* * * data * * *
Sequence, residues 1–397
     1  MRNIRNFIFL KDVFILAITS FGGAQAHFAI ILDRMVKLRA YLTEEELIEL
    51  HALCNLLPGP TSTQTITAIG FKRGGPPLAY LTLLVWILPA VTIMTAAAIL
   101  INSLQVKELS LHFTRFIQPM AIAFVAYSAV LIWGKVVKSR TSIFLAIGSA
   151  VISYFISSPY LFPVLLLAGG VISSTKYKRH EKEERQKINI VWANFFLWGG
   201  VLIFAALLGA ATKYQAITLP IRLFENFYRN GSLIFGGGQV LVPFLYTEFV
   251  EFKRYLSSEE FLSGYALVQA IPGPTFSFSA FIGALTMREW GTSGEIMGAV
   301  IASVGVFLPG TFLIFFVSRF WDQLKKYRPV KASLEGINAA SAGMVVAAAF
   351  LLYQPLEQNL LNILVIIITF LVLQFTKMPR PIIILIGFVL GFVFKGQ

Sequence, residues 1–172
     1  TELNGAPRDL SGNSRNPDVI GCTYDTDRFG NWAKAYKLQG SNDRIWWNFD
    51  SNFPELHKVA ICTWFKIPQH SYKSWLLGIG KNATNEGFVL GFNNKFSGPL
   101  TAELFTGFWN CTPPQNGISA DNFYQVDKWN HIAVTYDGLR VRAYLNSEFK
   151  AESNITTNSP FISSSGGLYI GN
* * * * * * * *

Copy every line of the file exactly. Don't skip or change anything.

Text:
Sequence, residues 1–397
     1  MRNIRNFIFL KDVFILAITS FGGAQAHFAI ILDRMVKLRA YLTEEELIEL
    51  HALCNLLPGP TSTQTITAIG FKRGGPPLAY LTLLVWILPA VTIMTAAAIL
   101  INSLQVKELS LHFTRFIQPM AIAFVAYSAV LIWGKVVKSR TSIFLAIGSA
   151  VISYFISSPY LFPVLLLAGG VISSTKYKRH EKEERQKINI VWANFFLWGG
   201  VLIFAALLGA ATKYQAITLP IRLFENFYRN GSLIFGGGQV LVPFLYTEFV
   251  EFKRYLSSEE FLSGYALVQA IPGPTFSFSA FIGALTMREW GTSGEIMGAV
   301  IASVGVFLPG TFLIFFVSRF WDQLKKYRPV KASLEGINAA SAGMVVAAAF
   351  LLYQPLEQNL LNILVIIITF LVLQFTKMPR PIIILIGFVL GFVFKGQ

Sequence, residues 1–172
     1  TELNGAPRDL SGNSRNPDVI GCTYDTDRFG NWAKAYKLQG SNDRIWWNFD
    51  SNFPELHKVA ICTWFKIPQH SYKSWLLGIG KNATNEGFVL GFNNKFSGPL
   101  TAELFTGFWN CTPPQNGISA DNFYQVDKWN HIAVTYDGLR VRAYLNSEFK
   151  AESNITTNSP FISSSGGLYI GN